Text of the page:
Biology and Ecology of Aedes (Stegomyia) Aegypti in the Northern Chihuahuan Desert

Adam J Vera, University of Texas at El Paso


Aedes aegypti is a medically important mosquito species that transmits multiple arboviruses, including dengue, chikungunya, Zika, and yellow fever. This mosquito species has expanded its geographical range into expanded into the Northern Chihuahuan Desert to further increase the risk of infection by these viruses in naïve human populations. Although Ae. aegypti is abundant along the U.S.–Mexico border, the biology and ecology of this mosquito species in this temperate/arid climate region is not understood. The objective of this study was to understand the environmental factors that influence the invasive species of Ae. aegypti abundance, breeding habitat selection, host feeding behavior, and population structure in two unincorporated urban communities, including Sparks, Texas and Anapra, Ciudad Juarez, Chihuahua, Mexico. Ae. aegypti were collected at various life stages from 2016–2018. A total of 209 families participated in this binational study, including 108 families in Sparks and 101 in Anapra. Ae. aegypti populations in both Sparks and Anapra were influenced by environmental and climatic factors. In Sparks, drier months of June and July had a 3-year average of 81 Ae. aegypti captured, which was followed by peak density from August to October with a 3-year average of 888 Ae. aegypti captured and was followed by the decrease until absence until absence in November and December. In Anapra, June to July had a 3-year average of 44 captured Ae. aegypti, which was immediately followed by peak density from August to October with an average of 270 Ae. aegypti captured, then complete absence occurred in December. In Sparks, a total of 601 Ae. aegypti larvae were collected and raised to adults from 24 contains; in Anapra only 7 containers produced 68 adult Ae. aegypti. The container type that produced the most larvae were plastic buckets in both communities. The blood meal was identified from 17 of the 44 (17 in Sparks & 27 in Anapra) fully blood engorged females. In the Sparks community, the results indicated that 4 Ae. aegypti had fed on dogs, 1 had fed on a human, 1 had fed on a chicken. In the Anapra community the results indicated 8 had fed on humans, 2 had fed on dogs, and 1 had fed on a cat. The population structure analysis with PCA and ADMIXTURE, identified four major collection locations (Sparks, Anapra, and two areas in the city of El Paso: El Paso B and El Paso E) and eight functional genes under selection pressure across for of six putative outlier loci. Only three of the eight genes had known functions: 1) a TATA box binding protein; 2) a calmodulin protein involved in olfactory; 3) a protein in the superfamily of C-type lectins. The findings generated by this first longitudinal binational study in the Northern Chihuahuan Desert provided insight to the population dynamics, breeding site preference, host feeding behavior and genetic structure of Ae. aegypti. All of these are crucial to understanding the biology and ecology of this medically important mosquito species to adapt to establish in a temperate/arid climate.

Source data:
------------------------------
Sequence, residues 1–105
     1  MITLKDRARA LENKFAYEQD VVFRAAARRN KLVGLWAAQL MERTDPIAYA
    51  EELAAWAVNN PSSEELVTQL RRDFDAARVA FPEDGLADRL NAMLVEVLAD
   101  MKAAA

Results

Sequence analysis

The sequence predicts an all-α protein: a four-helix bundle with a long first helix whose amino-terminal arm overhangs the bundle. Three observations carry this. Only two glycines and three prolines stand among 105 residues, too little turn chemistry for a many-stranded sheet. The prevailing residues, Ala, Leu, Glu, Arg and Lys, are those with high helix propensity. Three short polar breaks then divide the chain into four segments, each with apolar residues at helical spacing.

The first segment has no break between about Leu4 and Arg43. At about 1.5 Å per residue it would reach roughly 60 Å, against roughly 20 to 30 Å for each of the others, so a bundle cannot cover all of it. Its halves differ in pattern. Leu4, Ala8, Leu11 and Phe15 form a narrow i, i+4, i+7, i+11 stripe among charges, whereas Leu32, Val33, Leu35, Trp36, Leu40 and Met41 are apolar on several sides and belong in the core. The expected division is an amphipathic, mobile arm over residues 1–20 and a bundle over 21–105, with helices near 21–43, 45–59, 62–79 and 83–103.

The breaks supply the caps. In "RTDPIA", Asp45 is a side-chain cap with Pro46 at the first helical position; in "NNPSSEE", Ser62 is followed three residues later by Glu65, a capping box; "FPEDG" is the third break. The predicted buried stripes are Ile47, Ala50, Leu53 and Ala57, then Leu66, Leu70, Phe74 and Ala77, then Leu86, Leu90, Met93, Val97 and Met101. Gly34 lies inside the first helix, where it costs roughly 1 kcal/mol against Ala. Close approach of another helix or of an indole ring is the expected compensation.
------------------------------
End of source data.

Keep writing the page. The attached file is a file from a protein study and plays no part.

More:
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Recommended Citation

Vera, Adam J, "Biology and Ecology of Aedes (Stegomyia) Aegypti in the Northern Chihuahuan Desert" (2022). ETD Collection for University of Texas, El Paso. AAI29998720.